- Elm is a functional compiles-to-JS language which is easy to learn and practical
- If you’re looking to really get into FP, go straight to learning Haskell. Note: You might not be immediately productive with it, it certainly took me a while to get there
If you’ve read anything I’ve written before, you know I’m a big fan of test automation.
Manual testing is such a chore, but you can’t really leave your code untested. Thus, test automation to the rescue!
- You can trust your code works even if you change it, with less manual testing chores
- Fewer bugs, less debugging nightmares, more fun things like adding new features
- Test-driven development can even help improve your overall code quality
Been saying this for years but so many devs are in denial pic.twitter.com/KGqciUiOHS
— Chris Hartjes (@grmpyprogrammer) December 15, 2016
Test automation encompasses several different sub-topics:
- Unit testing
- Test-Driven Development
- Functional Testing / Browser Testing
Similar to functional programming, the challenge here is the learning part, and then knowing how to apply what you’ve learned into practice.
Communication skills / sales / marketing
Woah woah woah I thought this was about developer skills!
Well yes, it is. I know a lot of developers are mainly interested in just writing code and building cool stuff. I certainly was!
However as a hobby I helped a lot of people on IRC solve their programming problems. I also started writing a blog over 10 years ago. I was always interested in arguing my points to death. As a result, I learned how to talk about software issues with people with different backgrounds, ethically convincing people that my ideas work, and so on. As a result, I often became the “go to guy” at work whenever there were issues or other things. A good example of this was I was once hired initially as “just” a dev, but almost immediately got moved into a team tech lead type role.
There’s plenty of cases where these skills come in handy:
- You want to refactor some code, but you’re told there’s no time
- You want to add unit tests, but you’re told “let’s do it later” (read: never)
- You have this great idea for a feature or improvement, but nobody really cares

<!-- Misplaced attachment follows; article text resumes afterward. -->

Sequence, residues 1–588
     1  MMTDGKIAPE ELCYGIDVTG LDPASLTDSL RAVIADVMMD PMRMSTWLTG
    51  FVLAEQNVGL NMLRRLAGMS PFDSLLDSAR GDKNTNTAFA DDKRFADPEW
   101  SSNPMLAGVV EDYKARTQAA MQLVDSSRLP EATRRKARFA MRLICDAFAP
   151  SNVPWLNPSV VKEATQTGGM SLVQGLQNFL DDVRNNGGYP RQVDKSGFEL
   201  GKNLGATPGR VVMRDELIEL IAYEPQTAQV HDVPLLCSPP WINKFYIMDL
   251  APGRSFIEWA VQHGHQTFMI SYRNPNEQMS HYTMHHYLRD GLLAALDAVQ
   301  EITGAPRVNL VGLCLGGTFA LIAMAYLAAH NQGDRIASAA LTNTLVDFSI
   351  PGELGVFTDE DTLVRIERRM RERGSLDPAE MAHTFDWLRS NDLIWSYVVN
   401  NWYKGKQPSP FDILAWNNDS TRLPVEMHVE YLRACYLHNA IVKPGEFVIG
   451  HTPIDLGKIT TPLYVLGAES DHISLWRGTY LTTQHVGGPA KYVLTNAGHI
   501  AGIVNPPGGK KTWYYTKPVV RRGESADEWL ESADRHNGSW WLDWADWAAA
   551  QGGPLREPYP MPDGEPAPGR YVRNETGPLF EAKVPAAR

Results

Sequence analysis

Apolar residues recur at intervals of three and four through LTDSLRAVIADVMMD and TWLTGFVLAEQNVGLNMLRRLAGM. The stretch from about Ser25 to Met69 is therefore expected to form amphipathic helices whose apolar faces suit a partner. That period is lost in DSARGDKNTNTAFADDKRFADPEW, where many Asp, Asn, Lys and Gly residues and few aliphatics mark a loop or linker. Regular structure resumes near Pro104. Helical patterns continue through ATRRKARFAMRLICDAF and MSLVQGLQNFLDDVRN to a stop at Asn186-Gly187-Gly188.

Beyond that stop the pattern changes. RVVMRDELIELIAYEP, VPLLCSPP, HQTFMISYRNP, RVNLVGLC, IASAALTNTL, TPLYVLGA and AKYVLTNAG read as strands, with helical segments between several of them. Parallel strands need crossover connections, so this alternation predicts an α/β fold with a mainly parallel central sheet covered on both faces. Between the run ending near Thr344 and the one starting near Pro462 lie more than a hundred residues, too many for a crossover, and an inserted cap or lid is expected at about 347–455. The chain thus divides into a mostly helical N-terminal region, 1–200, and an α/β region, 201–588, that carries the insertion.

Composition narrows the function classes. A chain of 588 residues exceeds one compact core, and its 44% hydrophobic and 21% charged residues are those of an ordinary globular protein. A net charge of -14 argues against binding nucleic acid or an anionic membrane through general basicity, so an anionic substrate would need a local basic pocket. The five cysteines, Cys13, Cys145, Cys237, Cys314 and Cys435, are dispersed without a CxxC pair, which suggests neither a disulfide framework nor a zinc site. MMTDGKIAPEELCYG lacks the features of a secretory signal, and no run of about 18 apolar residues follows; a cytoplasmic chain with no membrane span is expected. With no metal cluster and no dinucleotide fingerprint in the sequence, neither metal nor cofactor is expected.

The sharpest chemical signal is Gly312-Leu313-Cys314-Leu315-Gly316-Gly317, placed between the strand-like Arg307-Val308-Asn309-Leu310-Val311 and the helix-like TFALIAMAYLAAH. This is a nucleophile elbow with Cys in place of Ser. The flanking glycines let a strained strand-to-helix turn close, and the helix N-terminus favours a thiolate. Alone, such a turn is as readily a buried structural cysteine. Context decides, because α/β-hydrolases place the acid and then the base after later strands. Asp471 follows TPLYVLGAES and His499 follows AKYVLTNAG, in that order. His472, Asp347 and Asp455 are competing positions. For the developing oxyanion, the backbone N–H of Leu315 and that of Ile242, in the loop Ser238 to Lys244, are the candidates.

- Your coworker writes garbage code but you can’t get them to do anything about it
Do you see where I’m going with this?
There’s a ton of cases as a developer where you have to sell your boss your idea. In a job interview, you have to market you. To get your coworker to stop writing garbage code, you need to communicate it to them in a way that they care about it too.
Communication skills are especially important if you want to advance in your career to positions with more responsibility or management.
Unfortunately for this topic I don’t have any resources to suggest. If you’re interested in this, subscribe to my newsletter with the form at the end of this article, and drop me a line – I’d be more than happy to discuss this further.
I can however make some suggestions:
- Consider helping others solve their problems. Go on IRC, Gitter, Stack Overflow, and answer questions. This forces you to learn to better understand potentially vague questions, ask good questions to get more info, and then answer them in a way which is understandable by people with varying levels of expertise.
- Consider writing a blog. Even if you write very randomly, it helps you learn to better structure your thoughts even on complicated topics. You’ll learn to simplify concepts so they are easier for others to learn and understand, which is again valuable when discussing things at work with people from different (possibly even non-technical!) backgrounds
While learning new libraries and frameworks is often needed for day to day work, you often don’t need to learn them up front.